I think one fundamental problem with current media is related to the fact that it is being instrumentalized as a political tool. This is the case both for fake media and the official outlets. There are guidelines on good journalism but they are just not being executed anymore, or very poorly at best. Everything is soaked with emotion and moralizing undertones.

      Most Media outlets also openly admit to being a product of consumption and therefore answer to public demand instead of objective truth. This should be the main objective when tackling this domain. Focus on returning to objective reporting instead of pleasing the general public with flashy titles and controversial topics. Perhaps some sort of accountability for not following certain guidelines? In any case this should be approached with utmost care as we dont want to endanger the freedom of press in the process…

    • #2249
      Riccardo VenturiRiccardo Venturi
      Moderator
      649 Points
      Halfway

      Although I personally agree with both your points and suggestions, the ideas of the training courses provided by stakeholders or that of the guidelines could be seen as an existential threat to free press – and it might be so in specific cases and contexts. The real question is: how do we create the conditions for free media outlets to raise the cultural and ethical bar in the form of a real journalistic filter, in a world dominated (both in terms of visibility, interests and economically) by partisan headlines/TV programmes and by the unruled jungle of the Internet?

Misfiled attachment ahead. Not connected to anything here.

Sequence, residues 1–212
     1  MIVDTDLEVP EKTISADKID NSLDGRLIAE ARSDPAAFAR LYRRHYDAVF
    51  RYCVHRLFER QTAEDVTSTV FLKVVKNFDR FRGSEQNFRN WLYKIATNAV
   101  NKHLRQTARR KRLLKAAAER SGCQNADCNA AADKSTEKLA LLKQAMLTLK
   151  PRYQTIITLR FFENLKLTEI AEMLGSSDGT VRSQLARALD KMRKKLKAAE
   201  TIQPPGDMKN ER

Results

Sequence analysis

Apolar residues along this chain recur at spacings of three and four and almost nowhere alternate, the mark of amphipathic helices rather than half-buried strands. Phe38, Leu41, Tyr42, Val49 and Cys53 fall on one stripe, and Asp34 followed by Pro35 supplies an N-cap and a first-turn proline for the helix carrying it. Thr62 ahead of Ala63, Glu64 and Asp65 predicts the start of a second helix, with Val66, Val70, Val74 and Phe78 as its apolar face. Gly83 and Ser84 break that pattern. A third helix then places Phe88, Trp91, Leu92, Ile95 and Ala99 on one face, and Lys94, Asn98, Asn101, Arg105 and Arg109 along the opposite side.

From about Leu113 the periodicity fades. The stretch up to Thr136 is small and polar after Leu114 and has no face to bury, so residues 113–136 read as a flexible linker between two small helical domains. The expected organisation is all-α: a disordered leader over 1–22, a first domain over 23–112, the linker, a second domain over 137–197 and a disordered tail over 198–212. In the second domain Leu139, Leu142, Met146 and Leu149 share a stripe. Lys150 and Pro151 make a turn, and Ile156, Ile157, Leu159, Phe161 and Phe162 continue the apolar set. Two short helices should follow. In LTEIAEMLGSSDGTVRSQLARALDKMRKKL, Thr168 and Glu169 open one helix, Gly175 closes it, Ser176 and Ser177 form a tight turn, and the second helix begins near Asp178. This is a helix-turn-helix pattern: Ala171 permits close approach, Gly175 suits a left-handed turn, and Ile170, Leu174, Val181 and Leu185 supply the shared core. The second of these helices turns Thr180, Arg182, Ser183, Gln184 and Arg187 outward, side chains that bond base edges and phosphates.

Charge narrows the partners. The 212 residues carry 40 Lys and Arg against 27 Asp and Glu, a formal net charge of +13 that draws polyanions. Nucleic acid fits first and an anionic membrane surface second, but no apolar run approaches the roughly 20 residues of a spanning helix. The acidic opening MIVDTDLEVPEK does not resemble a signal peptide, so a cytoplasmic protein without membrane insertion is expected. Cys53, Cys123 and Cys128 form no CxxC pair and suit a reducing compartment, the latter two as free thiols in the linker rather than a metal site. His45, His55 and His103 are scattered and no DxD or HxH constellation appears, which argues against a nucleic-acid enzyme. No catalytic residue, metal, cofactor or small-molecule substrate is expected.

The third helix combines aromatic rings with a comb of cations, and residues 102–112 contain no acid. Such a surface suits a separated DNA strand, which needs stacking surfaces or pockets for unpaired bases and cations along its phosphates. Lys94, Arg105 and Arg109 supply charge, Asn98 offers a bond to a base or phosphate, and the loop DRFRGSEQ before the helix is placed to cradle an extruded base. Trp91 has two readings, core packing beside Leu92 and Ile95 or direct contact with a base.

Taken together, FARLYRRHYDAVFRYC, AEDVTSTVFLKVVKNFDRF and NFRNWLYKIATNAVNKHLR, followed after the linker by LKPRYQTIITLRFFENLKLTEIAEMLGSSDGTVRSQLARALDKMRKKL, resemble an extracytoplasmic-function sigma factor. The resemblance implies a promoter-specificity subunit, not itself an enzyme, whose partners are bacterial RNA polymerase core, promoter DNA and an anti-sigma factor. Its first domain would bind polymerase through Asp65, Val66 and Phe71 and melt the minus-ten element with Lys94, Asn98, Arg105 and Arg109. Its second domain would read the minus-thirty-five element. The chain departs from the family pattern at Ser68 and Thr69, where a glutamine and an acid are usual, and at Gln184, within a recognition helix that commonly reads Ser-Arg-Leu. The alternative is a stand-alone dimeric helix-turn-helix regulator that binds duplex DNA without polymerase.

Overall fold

• #2260
      Sophie VériterSophie Veriter
      Participant
      266 Points
      Halfway

      I recently heard of an initiative called “Lie Detectors”. It invites journalists into schools to raise awareness about the media and disinformation, as well as trains pupils to be more critical when reading/hearing the news. It also encourages teachers to continue this effort. They are currently active in Belgium, Germany, and Austria. Their website is: https://lie-detectors.org

      I believe that media literacy and critical thinking skills are key to preserve free media and democracy. Education plays a crucial role in this regard.

      This project is truly fantastic and should definitely be active all over Europe, in my opinion!

    • #2277
      Riccardo VenturiRiccardo Venturi
      Moderator
      649 Points
      Halfway

      Great hint, Sophie! It would be very interesting to invite them on this platform and share more deeply their experience and work.